must it be like to be Paul McCartney? Deluged by gargantuan levels of fame since
the age of 21, he has remained squarely in the spotlight ever since. Other
pretenders to his pop crown, not to mention Popes and Presidents, come and go
but Paul, like the Queen, remains in place, the best known, most loved and most
successful rock star on the planet, still at it at 73, his violin bass and
cheery smile entertaining the multitudes with yet another chorus of ‘Hey Jude’.
Meanwhile, having amassed a fortune as great as the Count of Monte Cristo, he
somehow keeps his feet on the ground, always and forever Mr Normal.
is a life that has been under the microscope many times before and Philip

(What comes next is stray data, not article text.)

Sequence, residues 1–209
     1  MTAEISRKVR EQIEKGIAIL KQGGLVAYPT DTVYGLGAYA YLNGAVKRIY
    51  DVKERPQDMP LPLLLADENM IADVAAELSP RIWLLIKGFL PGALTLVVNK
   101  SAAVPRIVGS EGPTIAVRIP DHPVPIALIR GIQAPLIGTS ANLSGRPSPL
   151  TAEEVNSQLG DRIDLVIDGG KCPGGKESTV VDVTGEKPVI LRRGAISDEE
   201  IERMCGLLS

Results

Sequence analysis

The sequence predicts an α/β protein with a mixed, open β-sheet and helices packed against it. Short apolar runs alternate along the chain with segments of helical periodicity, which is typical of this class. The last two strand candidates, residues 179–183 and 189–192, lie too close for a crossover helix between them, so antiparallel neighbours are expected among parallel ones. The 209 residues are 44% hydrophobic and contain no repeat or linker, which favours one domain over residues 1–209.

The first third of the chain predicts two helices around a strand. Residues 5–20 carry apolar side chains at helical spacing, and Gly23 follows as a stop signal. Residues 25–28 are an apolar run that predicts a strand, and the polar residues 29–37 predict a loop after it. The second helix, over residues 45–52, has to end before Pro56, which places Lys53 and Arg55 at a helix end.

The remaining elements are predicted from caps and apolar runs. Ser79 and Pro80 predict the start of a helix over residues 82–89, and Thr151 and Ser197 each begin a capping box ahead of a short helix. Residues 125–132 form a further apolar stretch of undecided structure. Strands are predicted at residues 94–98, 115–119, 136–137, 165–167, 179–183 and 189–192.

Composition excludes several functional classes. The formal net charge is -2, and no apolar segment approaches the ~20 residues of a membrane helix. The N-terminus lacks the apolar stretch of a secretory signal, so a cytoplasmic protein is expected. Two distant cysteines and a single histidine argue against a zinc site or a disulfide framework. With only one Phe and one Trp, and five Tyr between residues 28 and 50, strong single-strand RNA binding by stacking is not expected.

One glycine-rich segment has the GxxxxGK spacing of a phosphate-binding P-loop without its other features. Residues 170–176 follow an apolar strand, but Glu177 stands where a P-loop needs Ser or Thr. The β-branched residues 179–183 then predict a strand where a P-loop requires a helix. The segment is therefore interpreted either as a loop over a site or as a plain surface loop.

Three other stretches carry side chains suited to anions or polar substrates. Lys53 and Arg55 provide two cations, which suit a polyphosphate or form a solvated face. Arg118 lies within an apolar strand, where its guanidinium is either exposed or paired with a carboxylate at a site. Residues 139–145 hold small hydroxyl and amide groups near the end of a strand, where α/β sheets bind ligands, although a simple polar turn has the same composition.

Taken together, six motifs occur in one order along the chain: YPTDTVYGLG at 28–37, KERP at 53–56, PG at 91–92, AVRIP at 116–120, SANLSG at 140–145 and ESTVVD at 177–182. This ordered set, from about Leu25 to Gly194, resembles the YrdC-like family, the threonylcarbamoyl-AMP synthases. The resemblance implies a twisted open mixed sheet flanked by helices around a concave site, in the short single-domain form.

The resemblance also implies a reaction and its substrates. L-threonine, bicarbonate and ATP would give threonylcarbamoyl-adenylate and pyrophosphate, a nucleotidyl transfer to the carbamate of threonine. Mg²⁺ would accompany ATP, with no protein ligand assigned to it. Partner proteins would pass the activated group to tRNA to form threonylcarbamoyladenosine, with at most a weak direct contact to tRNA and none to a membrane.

Norman is better placed than most to tell it again. The author of Shout!, the first Beatles biography to
look seriously behind the deference that until its publication in 1981 had shielded
the world’s greatest and best known pop group from detractors, Norman went on
to write a thumping great biography of John Lennon, the Beatle he once
suggested was three-quarters of the group. Now he turns his attention to the
other senior Beatle who, it must be said, has good reason to detest him. Shout!, highly enjoyable and successful
as it was, was so firmly on the side of John that Paul referred to it as ‘Shite’.
to the debate that surrounds the publication of his bulky 850 page McCartney
book is Norman’s position in the hierarchy of Beatle biographers, once unassailable
but of late challenged by Mark Lewisohn, now widely recognised as the group’s
foremost archivist. There is a well-defined difference between these two rivals,
however. Lewisohn is a virtuoso historian, concerned with details, painstakingly